Five Ideas for Graphic Novel-Centered Library Programs

Librarianship | Gemma Doyle & Kendal Spires| November 12, 2018

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Read about five graphic novel program ideas to engage a variety of age groups and put the spotlight on graphic novels in your school library.

Graphic novels are a huge (and still growing) medium for juvenile, teen and adult audiences, and are a popular way to reach reluctant young readers. Librarians wanting to promote their expanding graphic novel collections may be overwhelmed with all the options available to do so. Here are five program ideas that engage a variety of age groups, while putting the spotlight on graphic novels.

1. Make Your Own Comics

This is a great craft idea, as it’s relevant for young children and young adults. Free online comic templates can be printed for program attendees to use as creatively as they wish -- illustrating existing comic characters or creating their own characters, drawing and coloring, or writing plot and dialogue. 

2. Graphic Novel Book Talks

Book talks are short, informal descriptions of books -- librarians often use them to pitch books to people who might not have heard of them otherwise. Book talks are especially good for graphic novels because they allow potential readers to see the art while envisioning the story. Book talks provided by enthusiastic readers for their peers are especially fun for participants and can lead to book clubs and other great ways for readers to interact with books they love.

Graphic novels are a huge (and still growing) medium for juvenile, teen and adult audiences, and are a popular way to reach reluctant readers.

3. Comics Decoupage

Participants in a decoupage craft program use cut-up comic books or graphic novels to cover and decorate anything from magnets and shoes to photo frames and phone cases. These programs appeal to any age group but are especially popular with young adults. Decoupage is an easy craft to set up -- all you need are old comic books/graphic novels, glue, and something to decorate. These crafts are a great way to introduce readers to comic art and the comic versions of their favorite Marvel movie characters.

4. Cosplay Workshops

People of all ages love dressing up as their favorite characters, and cosplay workshops can help them learn the skills they need to create complicated and amazing costumes for fan conventions or library comic cons. Cosplay workshops cover a variety of topics, some aimed at costuming beginners and some at experts, using costume planning and character deconstruction, costume design, makeup, props and accessories, sewing and wig work. Program facilitators might find that implementing a series of programs works better than trying to cram everything into one evening.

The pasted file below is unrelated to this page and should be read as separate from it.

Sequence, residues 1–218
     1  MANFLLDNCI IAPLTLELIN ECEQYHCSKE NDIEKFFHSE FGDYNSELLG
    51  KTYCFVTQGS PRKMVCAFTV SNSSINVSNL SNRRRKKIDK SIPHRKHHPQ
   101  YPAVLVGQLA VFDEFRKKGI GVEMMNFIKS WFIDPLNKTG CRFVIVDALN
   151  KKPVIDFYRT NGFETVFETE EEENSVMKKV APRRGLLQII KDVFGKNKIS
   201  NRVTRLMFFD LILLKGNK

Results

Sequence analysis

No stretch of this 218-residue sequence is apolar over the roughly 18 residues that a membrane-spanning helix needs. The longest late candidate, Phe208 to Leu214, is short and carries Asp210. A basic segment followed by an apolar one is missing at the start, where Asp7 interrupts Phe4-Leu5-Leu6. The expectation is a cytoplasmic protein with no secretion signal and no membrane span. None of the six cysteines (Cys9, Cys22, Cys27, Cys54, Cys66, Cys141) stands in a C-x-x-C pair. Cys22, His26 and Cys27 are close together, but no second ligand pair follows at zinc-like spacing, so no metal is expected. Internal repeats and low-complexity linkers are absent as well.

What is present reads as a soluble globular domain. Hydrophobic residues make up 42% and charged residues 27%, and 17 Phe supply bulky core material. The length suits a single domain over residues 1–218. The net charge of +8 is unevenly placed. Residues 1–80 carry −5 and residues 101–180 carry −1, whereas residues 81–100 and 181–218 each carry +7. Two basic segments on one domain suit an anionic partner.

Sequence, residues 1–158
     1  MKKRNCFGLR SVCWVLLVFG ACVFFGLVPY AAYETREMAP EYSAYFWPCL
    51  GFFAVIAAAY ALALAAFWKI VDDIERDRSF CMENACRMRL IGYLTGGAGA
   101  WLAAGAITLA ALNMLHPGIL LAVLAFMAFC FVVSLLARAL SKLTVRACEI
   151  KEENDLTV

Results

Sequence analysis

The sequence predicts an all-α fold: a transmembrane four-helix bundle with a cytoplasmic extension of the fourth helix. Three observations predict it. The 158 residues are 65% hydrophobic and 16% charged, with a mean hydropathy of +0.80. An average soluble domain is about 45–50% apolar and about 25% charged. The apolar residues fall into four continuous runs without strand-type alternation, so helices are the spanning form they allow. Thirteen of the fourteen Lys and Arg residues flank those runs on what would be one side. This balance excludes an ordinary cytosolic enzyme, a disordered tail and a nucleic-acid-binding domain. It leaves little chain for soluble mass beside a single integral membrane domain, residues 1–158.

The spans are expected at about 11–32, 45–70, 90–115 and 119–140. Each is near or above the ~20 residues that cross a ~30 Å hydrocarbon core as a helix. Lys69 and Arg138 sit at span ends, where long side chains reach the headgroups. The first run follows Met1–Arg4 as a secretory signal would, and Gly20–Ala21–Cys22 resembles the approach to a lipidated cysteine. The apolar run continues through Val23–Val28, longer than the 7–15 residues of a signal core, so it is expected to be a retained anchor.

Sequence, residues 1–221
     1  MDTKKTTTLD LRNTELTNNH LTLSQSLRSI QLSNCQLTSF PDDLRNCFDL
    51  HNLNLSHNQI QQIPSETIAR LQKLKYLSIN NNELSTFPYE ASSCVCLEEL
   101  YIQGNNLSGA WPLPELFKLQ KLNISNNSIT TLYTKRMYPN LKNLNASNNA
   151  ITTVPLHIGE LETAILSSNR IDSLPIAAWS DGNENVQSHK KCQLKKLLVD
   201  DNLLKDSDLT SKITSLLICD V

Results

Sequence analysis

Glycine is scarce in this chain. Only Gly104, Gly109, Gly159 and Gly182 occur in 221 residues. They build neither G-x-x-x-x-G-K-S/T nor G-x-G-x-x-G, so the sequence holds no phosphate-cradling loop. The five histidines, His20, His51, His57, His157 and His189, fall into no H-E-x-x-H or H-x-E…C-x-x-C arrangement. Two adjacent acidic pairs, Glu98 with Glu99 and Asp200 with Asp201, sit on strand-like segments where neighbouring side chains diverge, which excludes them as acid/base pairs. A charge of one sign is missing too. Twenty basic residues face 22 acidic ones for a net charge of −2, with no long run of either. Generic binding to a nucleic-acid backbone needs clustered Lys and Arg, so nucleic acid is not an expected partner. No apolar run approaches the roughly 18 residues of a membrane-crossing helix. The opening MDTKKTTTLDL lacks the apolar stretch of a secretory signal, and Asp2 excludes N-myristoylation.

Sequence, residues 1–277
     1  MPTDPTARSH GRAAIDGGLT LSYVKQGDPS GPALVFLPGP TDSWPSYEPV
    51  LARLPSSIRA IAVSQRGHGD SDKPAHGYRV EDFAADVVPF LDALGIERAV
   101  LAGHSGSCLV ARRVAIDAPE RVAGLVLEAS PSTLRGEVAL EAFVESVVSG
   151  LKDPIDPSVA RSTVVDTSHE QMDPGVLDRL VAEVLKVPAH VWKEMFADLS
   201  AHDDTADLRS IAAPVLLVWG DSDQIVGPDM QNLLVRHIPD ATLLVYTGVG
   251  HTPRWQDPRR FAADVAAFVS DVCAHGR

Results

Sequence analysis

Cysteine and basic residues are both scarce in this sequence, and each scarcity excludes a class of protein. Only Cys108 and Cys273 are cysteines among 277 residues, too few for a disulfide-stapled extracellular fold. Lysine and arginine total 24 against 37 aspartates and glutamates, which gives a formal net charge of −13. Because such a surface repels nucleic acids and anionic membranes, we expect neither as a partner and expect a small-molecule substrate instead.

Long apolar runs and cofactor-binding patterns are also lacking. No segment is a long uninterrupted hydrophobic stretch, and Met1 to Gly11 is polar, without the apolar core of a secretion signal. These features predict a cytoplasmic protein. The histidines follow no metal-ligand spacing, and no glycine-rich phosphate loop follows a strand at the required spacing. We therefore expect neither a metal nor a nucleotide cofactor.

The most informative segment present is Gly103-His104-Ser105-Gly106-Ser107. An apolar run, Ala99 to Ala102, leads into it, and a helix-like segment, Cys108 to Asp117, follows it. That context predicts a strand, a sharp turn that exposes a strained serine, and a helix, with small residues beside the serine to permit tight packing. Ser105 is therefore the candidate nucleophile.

5. Comic Cons

Comic conventions create the ultimate comic and graphic novel experience, as they can encompass all the aforementioned programs, as well as many others. Cons can be scaled to meet all budget and staff constraints; libraries can invite notable comic writers and artists as guests of honor, as well as local creators to sell their work at an artist alley. Other popular ideas include panels, workshops, movie screenings, games, craft projects, cosplay contests and photo ops, escape rooms and scavenger hunts.

Visit the SEE-IT website for more information about the SEE-IT Award for achievement in youth graphic novels and view last year’s finalists.

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Gemma Doyle & Kendal Spires

Gemma Doyle is a former young adult librarian and does collection development of young adult and graphic novel collections for EBSCO and GOBI. Gemma has run the SEE-IT Graphic Novel Award since its second year, leading the team that handles all of the admin aspects of the award. Gemma enjoys graphic novels of all stripes and spends her non-work time reading fantasy, westerns and nonfiction. She currently serves on two ALA committees: the Gay, Lesbian, Bisexual, and Transgender Round Table (GLBTRT) 2019 Rainbow Book List committee and the Graphic Novel & Comics Round Table (GNCRT) Awards & Reading Lists committee. 

Kendal Spires works on collection development for EBSCO’s Core Collections, and also serves on ALA GNCRT’s Metadata & Cataloging committee. As the jury liaison for SEE-IT, Kendal manages juror communication and logistics. Kendal is a lifelong lover of scifi/fantasy and comics of all stripes, and also enjoys the occasional historical mystery or crackerjack nonfiction tale. Outside of the reading sphere she watches as much television as one can manage in this Peak TV era and plays a lot of games, both video and tabletop.

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